& occasionally about other things, too...

Friday, June 30, 2017

The Minerva Reader

My friend Lisa de Nikolits has recently started The Minerva Reader, “a site showcasing unsung literary heroes,” and she featured my debut novel Belief on the site earlier this week.

Lisa is a Toronto-based novelist.  When I first saw the site recently, I was intrigued by its name – the Minerva Reader. Lisa explains why she choose that name:

“But why call it Minerva? Because back in 1995, in Johannesburg, South Africa, I saw an advert for a publishing house in London, UK. They called themselves Minerva and were incredibly good at passing themselves off as the traditional publisher which was also called Minerva, only the latter was legit and they published beautiful, unusual literary works.

"The shysters I contacted operated a smooth scam and I was taken for a ride. Later reports say “They went bust (in 2002) because they were a scam. They were sued by more than 40 of their authors, and were the subject of two exposés on the BBC.” And that’s good to know!

"Now, many years later, I am about to publish my seventh book with my dearly beloved publisher, Inanna Publications – so yes, after a wobbly start, the goddesses have indeed been kind to me!”

I’m reproducing the content below. The link to the site is: www.theminervareader.com

Mayank Bhatt immigrated to Toronto in 2008 from Mumbai (Bombay), where he worked as a journalist. His short stories have been published in TOK 5: Writing the New Toronto and Canadian Voices II. In Canada he has worked as a security guard, an administrator, and an arts festival organizer. He lives in Toronto with his family. He is the author of Belief (Mawenzi House).

I thought this novel was a timely, touching, well-written book and while Mayank was featured in the Toronto Star and the Quill & Quire and was not therefore entirely unsung, I wanted to give the book another shoutout.

My review of Belief on Goodreads:

A sensitive, eloquent and timely novel. Beautifully written, Belief brings moving insights not only into the lonely immigrant experience, but, in particular, examines in detail the religious and racial tensions that Muslims suffer today The book also explores familial relationships that carry the unwieldy weight of traditions and legacies from former homelands, as well as the scars from battles fought there. Marriage, aging, love, complicated sibling tangles – all these are magnified and brought into focus under the microscope of Mayank Bhatt's thoughtful observations.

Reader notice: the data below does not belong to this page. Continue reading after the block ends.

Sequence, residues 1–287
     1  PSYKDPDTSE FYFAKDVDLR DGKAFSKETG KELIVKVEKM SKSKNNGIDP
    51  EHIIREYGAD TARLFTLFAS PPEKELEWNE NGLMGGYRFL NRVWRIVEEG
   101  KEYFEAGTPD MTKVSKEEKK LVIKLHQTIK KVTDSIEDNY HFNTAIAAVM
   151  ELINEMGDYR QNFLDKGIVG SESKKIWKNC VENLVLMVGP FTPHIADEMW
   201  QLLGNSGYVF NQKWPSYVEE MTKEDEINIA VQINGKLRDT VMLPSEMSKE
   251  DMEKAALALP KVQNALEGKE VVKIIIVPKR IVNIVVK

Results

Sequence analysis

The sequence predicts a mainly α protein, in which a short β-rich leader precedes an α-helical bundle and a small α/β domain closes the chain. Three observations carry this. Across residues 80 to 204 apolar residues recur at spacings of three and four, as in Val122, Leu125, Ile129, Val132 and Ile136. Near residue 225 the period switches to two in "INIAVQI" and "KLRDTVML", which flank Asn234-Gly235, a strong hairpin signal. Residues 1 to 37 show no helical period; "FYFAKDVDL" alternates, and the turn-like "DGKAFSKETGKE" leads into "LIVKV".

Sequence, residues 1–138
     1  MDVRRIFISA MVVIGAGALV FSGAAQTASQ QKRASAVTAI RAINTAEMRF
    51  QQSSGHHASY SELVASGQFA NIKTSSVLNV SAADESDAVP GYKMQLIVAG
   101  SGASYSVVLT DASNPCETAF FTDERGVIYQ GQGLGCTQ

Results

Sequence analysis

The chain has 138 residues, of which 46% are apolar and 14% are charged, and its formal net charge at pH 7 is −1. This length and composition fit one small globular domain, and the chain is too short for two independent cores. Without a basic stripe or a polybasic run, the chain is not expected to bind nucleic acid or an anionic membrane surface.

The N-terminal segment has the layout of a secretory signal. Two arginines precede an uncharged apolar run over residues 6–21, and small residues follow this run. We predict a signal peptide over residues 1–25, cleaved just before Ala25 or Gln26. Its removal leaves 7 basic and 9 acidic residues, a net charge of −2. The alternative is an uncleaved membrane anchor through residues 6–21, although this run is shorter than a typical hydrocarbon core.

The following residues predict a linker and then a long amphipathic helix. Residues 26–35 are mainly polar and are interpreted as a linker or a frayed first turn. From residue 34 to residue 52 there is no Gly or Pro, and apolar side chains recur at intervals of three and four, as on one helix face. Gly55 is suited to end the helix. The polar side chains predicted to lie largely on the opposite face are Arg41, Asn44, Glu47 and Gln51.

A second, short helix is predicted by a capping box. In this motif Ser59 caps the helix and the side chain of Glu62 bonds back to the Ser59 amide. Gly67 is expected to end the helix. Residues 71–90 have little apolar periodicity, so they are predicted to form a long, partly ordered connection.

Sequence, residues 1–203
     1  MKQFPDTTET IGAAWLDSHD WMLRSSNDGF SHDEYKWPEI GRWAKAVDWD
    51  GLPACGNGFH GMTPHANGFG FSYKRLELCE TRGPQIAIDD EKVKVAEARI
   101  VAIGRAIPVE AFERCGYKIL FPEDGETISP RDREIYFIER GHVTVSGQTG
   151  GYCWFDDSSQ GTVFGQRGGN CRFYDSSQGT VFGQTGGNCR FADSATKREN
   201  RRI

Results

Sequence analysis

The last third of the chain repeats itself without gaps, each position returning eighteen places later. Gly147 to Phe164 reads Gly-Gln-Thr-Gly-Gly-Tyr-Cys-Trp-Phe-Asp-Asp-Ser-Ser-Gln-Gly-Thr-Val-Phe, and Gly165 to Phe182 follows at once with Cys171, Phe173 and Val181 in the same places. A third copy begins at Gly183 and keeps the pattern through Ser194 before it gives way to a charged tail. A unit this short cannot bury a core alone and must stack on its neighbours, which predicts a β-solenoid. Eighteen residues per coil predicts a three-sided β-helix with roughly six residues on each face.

The Quill & Quire Review of Belief

Novelist Mayank Bhatt, who immigrated to Canada from Mumbai in 2008, delivers a taut, timely debut focused on one immigrant family and the devastating experience that threatens to destroy the life they have struggled to build in their new country.

Having left their home in the 1990s to escape recurrent violence between Hindus and Muslims, Abdul and Ruksana Latif and their two adult children, Ziram and Rafiq, find themselves “misfits in Canada as much as they had been, as Muslims, in India.”

Nevertheless, by the fall of 2008, the Latifs are relatively settled, with a home they own and jobs that promise more than mere survival. The family’s comfortable existence is thrown into turmoil when it is revealed that Rafiq may be involved in a terrorist plot to blow up a number of locations in and around Toronto. Rafiq’s questionable treatment at the hands of the justice system, and the family’s fear regarding the potential repercussions from his alleged crime, illustrate their terribly vulnerable position in Canadian society.

In part, Belief may be read as a cautionary tale urging those with extremist leanings to “steer a calmer, more sober path.” But even more importantly, it reads as a message to mainstream Canada that the isolation and marginalization of the immigrant experience have the potential to result in unintended consequences when faced with individuals who “[don’t] know what one could do about an unjust system except fight it.”

At the novel’s end, the future for the Latifs is undetermined. It is clear that their lives have been irrevocably altered, though not entirely for the worse. Through the experience of arrest and interrogation, Rafiq is forced to re-evaluate his religious faith, as well as his understanding of his parents; in so doing, he gains a clearer perspective on the older generation’s struggles.
Bhatt’s illuminating, plain-spoken novel could be instrumental in generating substantive discussion about the immigrant experience in a country that is still a long way from understanding what that really entails.

Quill & Quire, reviewer Dana Hansen. Publisher, Mawenzi House.

1 comment:

  1. Thank you Dear Mayank! It was a pleasure to feature you! I hope many people will read your book.